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Short subjectives

Capsule reviews of films by CL critics

Opening Friday
FROM HELL (R) Menace II Society's Hughes Brothers have mixed success adapting Alan Moore and Eddie Campbell's epic comic book examination of the Ripper murders. Johnny Depp and Heather Graham can't shake their movie-star glamour as an opium-addict police inspector and a streetwalker targeted for murder, but the directors provide an unnervingly memorable and feverish vision of the London slums and the savage killings as the stuff of hell itself. --Curt Holman

INNOCENCE (R) A title like Innocence usually prompts you to expect anything. However, this Australian drama with a reputation for tenderness follows how two seniors resume their young love affair after a separation of 40 years, despite her husband and other health and family concerns.

THE LAST CASTLE (R) A brouhaha surrounded this film's posters, which featured a U.S. flag turned upside down, but this drama from the director of The Contender involves not terrorists but a military prison warden (James Gandolfini, best known as Tony Soprano) vying against a court-martialed general (Robert Redford).

LUMUMBA (NR) Haitian writer-director Raul Peck depicts the United States' involvement in the death of the Congo's democratically elected president Patrice Lumumba (Eriq Ebouaney) in this grim, provocative dramatization.

MULHOLLAND DRIVE (R) A typical feast of Lynchian dreamwork, Mulholland Drive is also a disappointment for its mix of a deeply troubling storyline involving a naive Nancy Drew blonde new to Hollywood trying to help a haunted, amnesiac brunette, with silly subplots that recall the increasingly absurdist dissolution of Lynch's television show "Twin Peaks."--FELICIA FEASTER

MY FIRST MISTER (R). One of those heartfelt efforts that means well but plays lamely, Christine Lahti's directorial debut feature stars Leelee Sobieski as a sullen teen who takes a job at a mall clothing store under a friendless 49-year-old man (Albert Brooks). The film comes alive when it explores their tense, tender and platonic relationship, but cops out with a revelation worthy of a soap opera.--MATT BRUNSON

RIDING IN CARS WITH BOYS (PG-13) Expect this Penny Marshall film to put Drew Barrymore's acting chops to the test as she plays a 15-year-old who has a son in 1968, has a troubled marriage to drug-addicted Steve Zahn and sees her boy grow to young adulthood 20 years later.

TOGETHER 1/2 (R). "Tilsammans," the Swedish word for "together," is also the name of a rambunctious Stockholm commune in this delightful comedy set in the 1975. The politically committed but sexually open residents prove especially amusing through the eyes of their own children, irked at the sight of adults behaving irresponsibly. With the gentle, forgiving humor of a Bill Forsythe comedy like Local Hero, Together explores how people isolate themselves but also violate each other's personal space, ultimately coming down on the side of community.--CH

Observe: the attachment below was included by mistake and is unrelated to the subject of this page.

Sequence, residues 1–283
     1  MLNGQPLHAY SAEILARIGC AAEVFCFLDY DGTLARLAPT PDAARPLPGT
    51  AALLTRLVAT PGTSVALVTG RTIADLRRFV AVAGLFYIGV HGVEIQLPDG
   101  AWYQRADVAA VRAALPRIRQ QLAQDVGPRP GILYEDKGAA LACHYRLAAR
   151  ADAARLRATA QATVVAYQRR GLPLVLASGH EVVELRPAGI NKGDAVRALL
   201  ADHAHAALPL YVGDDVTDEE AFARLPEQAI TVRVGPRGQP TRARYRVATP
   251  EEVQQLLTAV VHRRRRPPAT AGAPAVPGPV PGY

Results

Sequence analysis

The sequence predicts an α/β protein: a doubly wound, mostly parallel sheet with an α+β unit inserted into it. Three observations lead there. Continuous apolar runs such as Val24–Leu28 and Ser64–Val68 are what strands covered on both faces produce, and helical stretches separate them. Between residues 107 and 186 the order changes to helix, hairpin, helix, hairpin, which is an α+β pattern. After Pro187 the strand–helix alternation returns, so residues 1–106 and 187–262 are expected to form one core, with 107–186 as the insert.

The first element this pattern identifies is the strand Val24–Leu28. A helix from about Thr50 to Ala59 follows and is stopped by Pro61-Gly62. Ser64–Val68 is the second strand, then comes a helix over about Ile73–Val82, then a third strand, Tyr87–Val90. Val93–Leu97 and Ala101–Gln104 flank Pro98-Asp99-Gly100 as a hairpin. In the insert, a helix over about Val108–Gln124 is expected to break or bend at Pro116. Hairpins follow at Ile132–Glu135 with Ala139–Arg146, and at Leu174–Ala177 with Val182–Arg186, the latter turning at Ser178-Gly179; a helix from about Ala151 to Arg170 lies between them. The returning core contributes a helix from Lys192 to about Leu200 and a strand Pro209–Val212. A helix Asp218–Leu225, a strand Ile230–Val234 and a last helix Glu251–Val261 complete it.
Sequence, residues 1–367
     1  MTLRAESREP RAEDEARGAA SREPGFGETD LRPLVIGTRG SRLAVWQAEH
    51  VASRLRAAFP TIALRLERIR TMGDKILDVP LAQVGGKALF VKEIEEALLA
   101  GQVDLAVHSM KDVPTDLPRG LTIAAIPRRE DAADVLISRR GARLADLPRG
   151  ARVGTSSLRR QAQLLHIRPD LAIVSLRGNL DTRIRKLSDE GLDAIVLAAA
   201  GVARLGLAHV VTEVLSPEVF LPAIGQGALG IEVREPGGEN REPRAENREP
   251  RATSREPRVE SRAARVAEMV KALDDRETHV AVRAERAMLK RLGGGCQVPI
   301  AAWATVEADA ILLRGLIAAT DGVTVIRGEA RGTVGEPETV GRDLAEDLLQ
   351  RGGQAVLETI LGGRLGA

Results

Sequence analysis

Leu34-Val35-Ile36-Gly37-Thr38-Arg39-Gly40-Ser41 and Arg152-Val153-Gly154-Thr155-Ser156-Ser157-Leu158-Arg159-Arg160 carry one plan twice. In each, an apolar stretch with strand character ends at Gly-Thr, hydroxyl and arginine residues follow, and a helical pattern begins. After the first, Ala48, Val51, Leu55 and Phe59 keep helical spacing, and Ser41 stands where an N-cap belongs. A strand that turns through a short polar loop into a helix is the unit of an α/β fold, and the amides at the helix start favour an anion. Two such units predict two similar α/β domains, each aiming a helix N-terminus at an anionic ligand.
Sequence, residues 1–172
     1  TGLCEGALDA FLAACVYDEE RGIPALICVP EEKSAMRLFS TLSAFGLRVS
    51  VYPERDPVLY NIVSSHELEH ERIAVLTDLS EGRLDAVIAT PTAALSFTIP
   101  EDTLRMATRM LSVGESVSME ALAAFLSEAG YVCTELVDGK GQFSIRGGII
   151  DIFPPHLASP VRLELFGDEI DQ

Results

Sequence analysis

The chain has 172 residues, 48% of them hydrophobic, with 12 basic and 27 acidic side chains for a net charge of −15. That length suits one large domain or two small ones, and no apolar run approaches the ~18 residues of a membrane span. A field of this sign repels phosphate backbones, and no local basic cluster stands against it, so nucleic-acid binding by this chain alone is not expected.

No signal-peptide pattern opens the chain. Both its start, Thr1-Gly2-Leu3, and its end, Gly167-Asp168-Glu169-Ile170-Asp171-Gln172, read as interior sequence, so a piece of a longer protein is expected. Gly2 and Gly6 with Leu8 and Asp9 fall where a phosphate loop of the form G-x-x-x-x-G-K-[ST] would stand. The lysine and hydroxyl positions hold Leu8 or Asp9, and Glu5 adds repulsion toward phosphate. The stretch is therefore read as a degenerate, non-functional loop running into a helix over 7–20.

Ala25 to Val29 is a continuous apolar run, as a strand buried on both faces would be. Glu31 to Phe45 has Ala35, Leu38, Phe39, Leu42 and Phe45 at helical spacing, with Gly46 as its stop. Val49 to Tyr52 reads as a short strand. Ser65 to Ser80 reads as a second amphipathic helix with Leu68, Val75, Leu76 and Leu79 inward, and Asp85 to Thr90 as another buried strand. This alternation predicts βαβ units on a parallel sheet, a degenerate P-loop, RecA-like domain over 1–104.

Duly Noted
WELCOME TO ANATEVKA (G) Ruth Leitman (director of Alma and Wildwood, N.J.) and James Jernigan offer a behind-the-scenes look at the Atlanta Jewish Community Center's production of Fiddler on the Roof using theater professionals, high school students and 22 developmentally disabled adults. Some of disabled actors we see more in snapshots than sustained portraits, but the difficulties of two particular actresses give the film suspense while making it about more than the platitudes of the uplifting, rewarding aspects. Oct. 24 at 6:30 and 8 p.m. The Lefont Plaza, 1049 Ponce de Leon Ave., $15 ($12 for IMAGE members). -- CH

WITHOUT A TRACE The winner of the Latin American Cinema Award of the 2001 Sundance Film Festival sounds like a Mexican take on Thelma and Louise, with two women -- a smuggler and a single mother -- taking the road to the Yucatan. 2001 Latin American Film Festival. Oct. 19 and 23 at 8 p.m., Rich

Auditorium, Woodruff Arts Center. $5.

JUAN, I FORGOT I DON'T REMEMBER Described as "docu-fiction," the son of renowned Mexican writer and poet Juan Rulfo tries to capture his late father's life through the eyes of his peers in Jalisco, only to discover that their memories are faulty. 2001 Latin American Film Festival. Oct. 20 at 8 p.m., Rich Auditorium, Woodruff Arts Center. $5.

MAESTRO SCREENING OF LOCAL WORK The Media Arts Environmental Scanning Tour of Regional Organizations begins its celebration of Atlanta media arts with a screening of local short films, including "Smokes & Mirrors" by Jeremy Wilson, "Playball" by Adam Taylor and "Escalator of Life" by Melanie Bugg.Fountainhead Lounge, 485-A Flat Shoals Road. Oct. 18 at 9 p.m. Free.

WET HOT AMERICAN SUMMER 1/2 (R) Inane, puerile comedy you'll probably hate yourself for laughing at, this spoof of late '70s/early '80s teen sex comedies like Meatballs follows the campers and counselors of Camp Firewood on the last, endless day of camp. Director David Wain and co-writer Michael Showalter take an obvious delight in exploiting the various absurdities of this reprobate genre, delivering a brand of non sequitur, ridiculous comedy that tickles the preadolescent funny-bone as much as it mocks genre conventions. Peachtree Film Society. Oct. 21 at 6 p.m. General Cinemas Parkway Pointe Theater. $7.50. --FF

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